I have heard such good things about The Disreputable History of Frankie Landau-Banks and I’ve been curious about it for a while now. After reading We Were Liars, I thought it would be a good idea to give E. Lockhart’s other books a try. I started reading Frankie when I felt that I needed a fun book.
Here’s the summary from Goodreads:
Frankie Landau-Banks at age 15:
A knockout figure.
A sharp tongue.
A chip on her shoulder.
And a gorgeous new senior boyfriend: the supremely goofy, word-obsessed Matthew Livingston.
No longer the kind of girl to take “no” for an answer.
Especially when “no” means she’s excluded from her boyfriend’s all-male secret society.
Not when her ex boyfriend shows up in the strangest of places.
Not when she knows she’s smarter than any of them.
When she knows Matthew’s lying to her.
And when there are so many, many pranks to be done.
Frankie Landau-Banks, at age 16:
Possibly a criminal mastermind.
This is the story of how she got that way.
The Disreputable History of Frankie Landau-Banks is an immensely readable contemporary YA novel. I started reading it one afternoon and was able to reach 78% before I went to bed. I then finished the whole thing the next day. Frankie is such a brilliant character – she’s academically smart, active in extra-curricular activities and diabolically clever. I loved how she wanted to shake things up and wasn’t willing to settle for the status quo because she demands to be treated with respect, both within her family and in her school. That’s something that will resonate with a lot of us. She didn’t want to be known as the family’s Bunny Rabbit, always the young girl who needed to be protected. She also wanted her boyfriend (and his friends) to see her as more than just a pretty girl. It is Frankie’s determination that makes me feel like this is a book that I would gladly recommend to my teenage self and say, “Read this and remember not to settle for anything less that what you deserve.” I really liked that while there was romance in this book, it wasn’t really the focus of the story. To be honest, the romance felt a bit thin and I wasn’t even really rooting for Frankie’s to be with Matthew.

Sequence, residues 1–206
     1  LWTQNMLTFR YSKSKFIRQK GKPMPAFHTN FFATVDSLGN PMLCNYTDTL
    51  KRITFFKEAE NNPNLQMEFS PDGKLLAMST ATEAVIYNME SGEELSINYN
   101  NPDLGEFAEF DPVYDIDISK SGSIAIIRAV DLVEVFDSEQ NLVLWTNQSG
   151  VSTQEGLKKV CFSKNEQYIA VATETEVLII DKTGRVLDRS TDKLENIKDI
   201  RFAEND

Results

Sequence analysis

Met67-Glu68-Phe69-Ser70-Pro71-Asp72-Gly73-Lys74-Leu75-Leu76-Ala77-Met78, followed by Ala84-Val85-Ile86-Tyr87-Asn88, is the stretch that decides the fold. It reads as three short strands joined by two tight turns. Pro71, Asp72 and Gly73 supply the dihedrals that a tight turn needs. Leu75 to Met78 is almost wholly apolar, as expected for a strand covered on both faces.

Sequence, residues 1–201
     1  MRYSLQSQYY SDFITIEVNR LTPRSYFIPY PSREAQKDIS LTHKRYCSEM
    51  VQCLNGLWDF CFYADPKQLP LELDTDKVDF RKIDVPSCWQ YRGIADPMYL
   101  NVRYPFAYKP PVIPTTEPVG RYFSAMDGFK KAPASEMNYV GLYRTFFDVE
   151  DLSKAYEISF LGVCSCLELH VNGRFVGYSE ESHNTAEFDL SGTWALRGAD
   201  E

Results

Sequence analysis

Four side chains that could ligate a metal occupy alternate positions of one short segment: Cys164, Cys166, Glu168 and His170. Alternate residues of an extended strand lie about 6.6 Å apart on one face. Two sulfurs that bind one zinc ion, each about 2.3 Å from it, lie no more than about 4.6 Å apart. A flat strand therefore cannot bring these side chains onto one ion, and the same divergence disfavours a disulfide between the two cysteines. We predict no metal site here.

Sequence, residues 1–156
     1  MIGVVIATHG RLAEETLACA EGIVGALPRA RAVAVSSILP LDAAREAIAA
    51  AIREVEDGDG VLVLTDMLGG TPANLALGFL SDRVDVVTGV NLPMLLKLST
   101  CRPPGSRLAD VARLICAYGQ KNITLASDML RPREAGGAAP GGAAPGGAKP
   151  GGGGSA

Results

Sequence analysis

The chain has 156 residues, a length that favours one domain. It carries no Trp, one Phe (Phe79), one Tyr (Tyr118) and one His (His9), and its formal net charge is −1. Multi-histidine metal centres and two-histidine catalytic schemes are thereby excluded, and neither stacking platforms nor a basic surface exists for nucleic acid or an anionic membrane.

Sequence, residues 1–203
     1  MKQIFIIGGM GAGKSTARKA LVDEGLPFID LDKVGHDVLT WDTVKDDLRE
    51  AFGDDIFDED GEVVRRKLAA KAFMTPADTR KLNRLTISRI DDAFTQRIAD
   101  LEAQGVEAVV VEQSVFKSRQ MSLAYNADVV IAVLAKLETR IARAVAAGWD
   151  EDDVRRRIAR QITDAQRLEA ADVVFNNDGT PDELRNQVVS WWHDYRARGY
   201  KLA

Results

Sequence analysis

I really enjoyed reading this and even highlighted several sections of the book in my Kindle. But I kind of feel like the overall tone is a bit young for a YA novel. Granted, Frankie is only 15 years old and is a sophomore instead of the usual junior/senior main characters in YA. It’s just that I feel like this story wouldn’t have that much staying power with me – I know I really like it now but several months down the road, I probably wouldn’t remember what happened in the book. Then again, that’s the case with a lot of contemporary novels that I enjoy reading. Usually the ones that linger are the emotionally intense novels. I probably would have liked this one a lot more if it was a little longer and the ending was stretched out a bit. I was wondering if there was more to the story after I got to the final page. I might be getting ahead of myself only to discover that Frankie will stay with me longer than I expected, I guess we’ll just have to wait and see. I definitely recommend this one to fans of contemporary YA novels with smart female MCs. I’m really curious now about E. Lockhart’s Ruby Oliver series.